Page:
Will Richmond-Coggan, a newly-appointed partner in Pitmans LLP’s dispute resolution team and a specialist in online defamation and reputation disputes, says: “The law applicable to social media is still very much in a period of evolution. There is currently a tension between the manner in which the law treats publications made informally in the social media environment, and the way in which most users (corporate or individual) view their responsibilities.”
“Consequently, it is still important to urge caution in social media interactions. In many respects, the desire from a marketing perspective to create natural and organic conversations with customers has to be tempered with the recognition that any statements made are treated formally as publications by the company, with all of the formal legal consequences that flow from that.”
How is the law changing and can you see where changes are leading the industry?
“One welcome recent development is the Director of Public Prosecutions’ clarification earlier this year (following consultation) on the circumstances in which prosecution for statements made online generally, and on social media platforms in particular, will be considered appropriate and proportionate. Another, from the point of view of the operators of social media platforms or other online forums, is the new Defamation Act, which will in due course provide a helpful mechanism for such operators to pass liability on to the true culprit in such cases, the author of the defamatory postings.”
It is too early to say where these changes might lead, but it is likely that publishers and hosts will be able to engage in social media conversations with increased confidence, subject to ensuring that their own personnel adopt appropriate policies and practices.
How is this impacting on the actions of people and businesses on social media (in the UK and around the world if different)?
Philip James, Partner and Joint Head of Technology at Pitmans LLP, advises clients on digital media and data privacy and comments: “Businesses are becoming increasingly sophisticated in the way in which they use social media to engage with customers. Brands are often on a rapid learning curve in relation to the ways in which such engagement differs from more traditional marketing. Social media cannot be used as a broadcast medium, it is subtler than that and requires greater interactivity. As businesses develop greater confidence that they understand the legal and social parameters of that process, so they become more adventurous and imaginative in the way that they use the medium.”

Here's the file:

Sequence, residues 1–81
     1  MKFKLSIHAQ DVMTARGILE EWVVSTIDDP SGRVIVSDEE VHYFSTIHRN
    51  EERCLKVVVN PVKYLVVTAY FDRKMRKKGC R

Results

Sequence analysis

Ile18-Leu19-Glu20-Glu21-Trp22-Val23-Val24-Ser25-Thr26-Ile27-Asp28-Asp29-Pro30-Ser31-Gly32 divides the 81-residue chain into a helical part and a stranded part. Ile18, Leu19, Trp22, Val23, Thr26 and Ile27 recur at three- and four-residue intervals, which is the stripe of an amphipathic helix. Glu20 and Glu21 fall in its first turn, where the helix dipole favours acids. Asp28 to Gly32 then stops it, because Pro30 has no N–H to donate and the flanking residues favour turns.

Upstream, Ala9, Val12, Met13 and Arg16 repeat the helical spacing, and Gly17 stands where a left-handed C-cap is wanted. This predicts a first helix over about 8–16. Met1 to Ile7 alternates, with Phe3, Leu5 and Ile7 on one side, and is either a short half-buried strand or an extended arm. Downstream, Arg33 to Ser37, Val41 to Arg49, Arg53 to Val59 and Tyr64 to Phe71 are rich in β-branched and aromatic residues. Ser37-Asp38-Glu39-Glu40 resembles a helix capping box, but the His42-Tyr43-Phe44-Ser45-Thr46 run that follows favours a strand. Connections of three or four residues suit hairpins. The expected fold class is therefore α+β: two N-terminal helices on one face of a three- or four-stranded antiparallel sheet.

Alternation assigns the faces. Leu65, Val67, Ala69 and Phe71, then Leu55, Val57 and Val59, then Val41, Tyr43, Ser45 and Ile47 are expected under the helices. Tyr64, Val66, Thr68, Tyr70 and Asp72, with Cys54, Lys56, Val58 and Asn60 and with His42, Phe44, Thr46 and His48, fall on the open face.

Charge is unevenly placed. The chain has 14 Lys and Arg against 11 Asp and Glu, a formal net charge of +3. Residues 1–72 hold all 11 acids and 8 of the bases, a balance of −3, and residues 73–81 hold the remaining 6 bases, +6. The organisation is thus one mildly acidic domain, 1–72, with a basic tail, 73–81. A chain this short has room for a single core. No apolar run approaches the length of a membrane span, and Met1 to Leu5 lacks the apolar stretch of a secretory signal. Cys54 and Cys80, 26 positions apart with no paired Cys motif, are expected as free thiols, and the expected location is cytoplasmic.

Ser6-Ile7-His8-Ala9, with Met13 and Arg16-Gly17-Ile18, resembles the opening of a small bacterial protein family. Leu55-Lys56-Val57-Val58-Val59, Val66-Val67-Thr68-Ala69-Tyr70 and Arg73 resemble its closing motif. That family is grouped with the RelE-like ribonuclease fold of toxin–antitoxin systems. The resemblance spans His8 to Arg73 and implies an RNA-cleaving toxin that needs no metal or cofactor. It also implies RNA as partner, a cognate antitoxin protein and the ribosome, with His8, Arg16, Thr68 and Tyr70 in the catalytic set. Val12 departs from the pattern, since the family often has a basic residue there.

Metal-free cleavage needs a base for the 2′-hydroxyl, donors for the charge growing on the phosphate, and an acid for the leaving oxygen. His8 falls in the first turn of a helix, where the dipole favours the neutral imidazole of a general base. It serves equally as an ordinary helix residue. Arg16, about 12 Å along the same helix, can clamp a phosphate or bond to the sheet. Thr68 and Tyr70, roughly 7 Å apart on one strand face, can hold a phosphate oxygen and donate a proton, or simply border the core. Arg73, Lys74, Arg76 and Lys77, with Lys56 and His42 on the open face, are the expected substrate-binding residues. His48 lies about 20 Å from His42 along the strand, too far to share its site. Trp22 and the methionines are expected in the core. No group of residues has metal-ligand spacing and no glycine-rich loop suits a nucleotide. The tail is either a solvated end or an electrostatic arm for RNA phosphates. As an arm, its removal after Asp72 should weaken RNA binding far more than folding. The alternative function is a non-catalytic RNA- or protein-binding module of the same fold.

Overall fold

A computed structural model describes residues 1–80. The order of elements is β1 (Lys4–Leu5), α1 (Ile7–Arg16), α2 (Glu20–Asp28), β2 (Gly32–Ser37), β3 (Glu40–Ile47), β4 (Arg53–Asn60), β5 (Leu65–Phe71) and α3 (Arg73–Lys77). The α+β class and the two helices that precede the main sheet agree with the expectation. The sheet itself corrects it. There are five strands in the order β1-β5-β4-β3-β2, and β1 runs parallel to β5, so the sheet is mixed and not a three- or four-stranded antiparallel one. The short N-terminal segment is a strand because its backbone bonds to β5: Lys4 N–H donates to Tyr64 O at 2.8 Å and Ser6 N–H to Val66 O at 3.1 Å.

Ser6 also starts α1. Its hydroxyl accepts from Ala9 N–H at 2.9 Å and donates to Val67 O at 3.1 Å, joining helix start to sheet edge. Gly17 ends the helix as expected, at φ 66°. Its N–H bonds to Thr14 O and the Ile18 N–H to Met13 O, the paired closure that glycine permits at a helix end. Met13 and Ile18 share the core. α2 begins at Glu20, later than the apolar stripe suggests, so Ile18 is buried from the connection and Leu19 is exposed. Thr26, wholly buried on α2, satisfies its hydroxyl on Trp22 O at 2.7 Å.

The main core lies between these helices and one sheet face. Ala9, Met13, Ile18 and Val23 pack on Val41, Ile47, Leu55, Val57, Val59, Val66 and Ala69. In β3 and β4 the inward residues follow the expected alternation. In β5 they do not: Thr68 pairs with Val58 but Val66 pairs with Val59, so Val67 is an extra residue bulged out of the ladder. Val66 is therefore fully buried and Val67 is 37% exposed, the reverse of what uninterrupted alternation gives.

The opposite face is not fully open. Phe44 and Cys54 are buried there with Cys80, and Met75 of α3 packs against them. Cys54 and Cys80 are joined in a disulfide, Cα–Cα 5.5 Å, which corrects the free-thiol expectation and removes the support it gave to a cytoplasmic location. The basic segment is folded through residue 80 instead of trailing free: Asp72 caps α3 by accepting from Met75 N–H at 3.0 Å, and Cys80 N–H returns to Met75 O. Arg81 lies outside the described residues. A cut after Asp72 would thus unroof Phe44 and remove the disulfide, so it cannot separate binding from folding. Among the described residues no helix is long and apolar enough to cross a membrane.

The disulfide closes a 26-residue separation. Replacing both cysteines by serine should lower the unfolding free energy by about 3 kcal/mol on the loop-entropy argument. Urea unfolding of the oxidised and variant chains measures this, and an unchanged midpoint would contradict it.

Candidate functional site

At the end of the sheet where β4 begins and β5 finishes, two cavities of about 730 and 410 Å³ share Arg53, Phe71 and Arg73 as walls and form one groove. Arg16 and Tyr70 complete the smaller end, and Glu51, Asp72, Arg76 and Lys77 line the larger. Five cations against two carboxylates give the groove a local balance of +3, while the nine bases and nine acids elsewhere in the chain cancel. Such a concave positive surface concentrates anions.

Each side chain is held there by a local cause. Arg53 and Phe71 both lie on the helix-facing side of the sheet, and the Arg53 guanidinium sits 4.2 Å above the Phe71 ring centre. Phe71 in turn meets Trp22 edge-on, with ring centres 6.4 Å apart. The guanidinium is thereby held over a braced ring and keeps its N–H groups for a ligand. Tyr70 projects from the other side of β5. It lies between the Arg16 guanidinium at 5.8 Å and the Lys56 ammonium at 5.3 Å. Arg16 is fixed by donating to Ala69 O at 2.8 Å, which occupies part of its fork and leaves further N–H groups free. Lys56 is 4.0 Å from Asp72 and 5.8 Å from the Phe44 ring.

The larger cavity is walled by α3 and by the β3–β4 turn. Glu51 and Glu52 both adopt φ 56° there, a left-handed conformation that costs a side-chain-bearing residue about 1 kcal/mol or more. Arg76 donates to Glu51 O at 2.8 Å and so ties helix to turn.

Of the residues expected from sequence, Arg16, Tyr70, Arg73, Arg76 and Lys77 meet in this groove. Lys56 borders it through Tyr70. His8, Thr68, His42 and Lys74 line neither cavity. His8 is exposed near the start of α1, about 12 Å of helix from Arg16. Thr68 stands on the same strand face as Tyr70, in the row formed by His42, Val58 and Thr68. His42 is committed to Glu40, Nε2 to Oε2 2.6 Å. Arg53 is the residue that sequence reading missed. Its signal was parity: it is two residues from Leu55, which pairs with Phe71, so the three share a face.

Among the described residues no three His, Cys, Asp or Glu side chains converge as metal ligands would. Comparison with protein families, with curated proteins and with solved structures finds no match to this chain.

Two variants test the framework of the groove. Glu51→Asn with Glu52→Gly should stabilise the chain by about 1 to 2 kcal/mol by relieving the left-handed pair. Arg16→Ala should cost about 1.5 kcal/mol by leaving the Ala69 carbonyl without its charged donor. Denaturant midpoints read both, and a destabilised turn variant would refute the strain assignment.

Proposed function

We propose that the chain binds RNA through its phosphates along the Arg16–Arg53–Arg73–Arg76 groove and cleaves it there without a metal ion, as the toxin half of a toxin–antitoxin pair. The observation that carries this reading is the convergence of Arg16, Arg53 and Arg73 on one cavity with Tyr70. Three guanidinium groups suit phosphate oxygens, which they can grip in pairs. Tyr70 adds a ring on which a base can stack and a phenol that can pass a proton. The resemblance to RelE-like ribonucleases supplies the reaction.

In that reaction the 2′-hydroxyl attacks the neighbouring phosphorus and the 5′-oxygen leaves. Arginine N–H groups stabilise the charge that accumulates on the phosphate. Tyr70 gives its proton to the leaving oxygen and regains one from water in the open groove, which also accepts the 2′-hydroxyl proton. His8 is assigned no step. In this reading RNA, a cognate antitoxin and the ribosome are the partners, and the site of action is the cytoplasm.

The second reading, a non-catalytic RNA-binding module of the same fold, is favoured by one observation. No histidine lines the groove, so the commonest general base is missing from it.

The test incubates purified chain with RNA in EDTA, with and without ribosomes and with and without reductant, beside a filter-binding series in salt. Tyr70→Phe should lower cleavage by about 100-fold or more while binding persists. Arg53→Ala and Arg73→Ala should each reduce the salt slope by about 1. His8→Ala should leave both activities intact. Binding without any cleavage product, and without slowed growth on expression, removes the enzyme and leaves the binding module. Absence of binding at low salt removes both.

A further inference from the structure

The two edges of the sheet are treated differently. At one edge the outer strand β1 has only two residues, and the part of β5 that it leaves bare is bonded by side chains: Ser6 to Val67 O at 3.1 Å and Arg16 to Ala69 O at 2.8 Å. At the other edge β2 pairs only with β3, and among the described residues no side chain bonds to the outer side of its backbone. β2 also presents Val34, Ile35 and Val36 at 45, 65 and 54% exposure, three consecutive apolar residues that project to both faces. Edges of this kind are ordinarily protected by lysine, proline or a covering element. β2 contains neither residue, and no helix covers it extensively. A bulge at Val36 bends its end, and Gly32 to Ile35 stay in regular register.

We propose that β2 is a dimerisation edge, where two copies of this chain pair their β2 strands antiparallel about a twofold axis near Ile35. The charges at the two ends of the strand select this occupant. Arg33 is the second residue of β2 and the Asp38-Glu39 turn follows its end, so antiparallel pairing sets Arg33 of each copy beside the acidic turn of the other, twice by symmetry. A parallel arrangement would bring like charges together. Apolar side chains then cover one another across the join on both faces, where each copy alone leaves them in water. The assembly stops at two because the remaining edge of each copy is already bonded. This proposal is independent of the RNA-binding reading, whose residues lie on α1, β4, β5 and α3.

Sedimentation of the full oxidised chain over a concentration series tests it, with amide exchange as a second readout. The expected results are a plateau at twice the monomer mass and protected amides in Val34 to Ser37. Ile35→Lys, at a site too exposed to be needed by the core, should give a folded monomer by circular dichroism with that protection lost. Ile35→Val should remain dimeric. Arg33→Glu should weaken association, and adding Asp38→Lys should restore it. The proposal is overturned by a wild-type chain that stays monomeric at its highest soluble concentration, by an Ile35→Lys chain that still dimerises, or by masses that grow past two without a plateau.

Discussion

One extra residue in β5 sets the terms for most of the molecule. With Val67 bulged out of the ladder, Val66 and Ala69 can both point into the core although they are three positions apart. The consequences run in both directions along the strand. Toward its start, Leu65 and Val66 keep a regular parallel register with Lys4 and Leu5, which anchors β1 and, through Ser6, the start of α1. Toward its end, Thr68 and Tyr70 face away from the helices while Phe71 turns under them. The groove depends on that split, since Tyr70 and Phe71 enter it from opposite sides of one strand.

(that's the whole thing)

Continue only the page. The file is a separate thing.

“Rather than always reaching for the last resort remedy of litigation, when comments are made in such forums that are disparaging or even harmful to the brand, we have seen clients recognising that constructive engagement, or even dignified silence, can be more effective approaches in certain cases. There is nothing more valuable to a business than to have engaged customers actively leaping to their defence, without having to be prompted or co-ordinated. Ultimately legal remedies remain available for the most serious problems, but for the rest a sophisticated business will have a range of nuanced responses available depending on the situation.”
While no legislation specifically targets social media, laws in relation to intellectual property, data protection, discrimination, defamation, advertising and marketing regulation, privacy and harassment apply equally in the existing virtual world as they do in the non-virtual. For instance, Daybrook House Promotions has recently been ordered to pay damages of over £5,000 in settlement of what would have been a commercial licence fee for unlawfully using a commercial photographer’s photo downloaded from a social networking site to promote a venue Rock City in connection with its ‘Floor Fillers’ dance events (this excludes the significant costs and resources required to defend claim by Jason Sheldon, the photographer). That said, there are clearly added challenges of enforcement and identification in the virtual world.
Why should businesses be aware of this legislation and what impact does it have on their social media if they don’t abide by it?
Businesses should be aware of laws that apply to their activity in social media so that they can maximise the benefits (and limit the risks) of social media. These include presenting a positive image of their business in the public domain, sharing information, knowledge and best practice with others, networking opportunities and gaining information about candidates for recruitment (and even attracting and recruiting candidate solely via social media).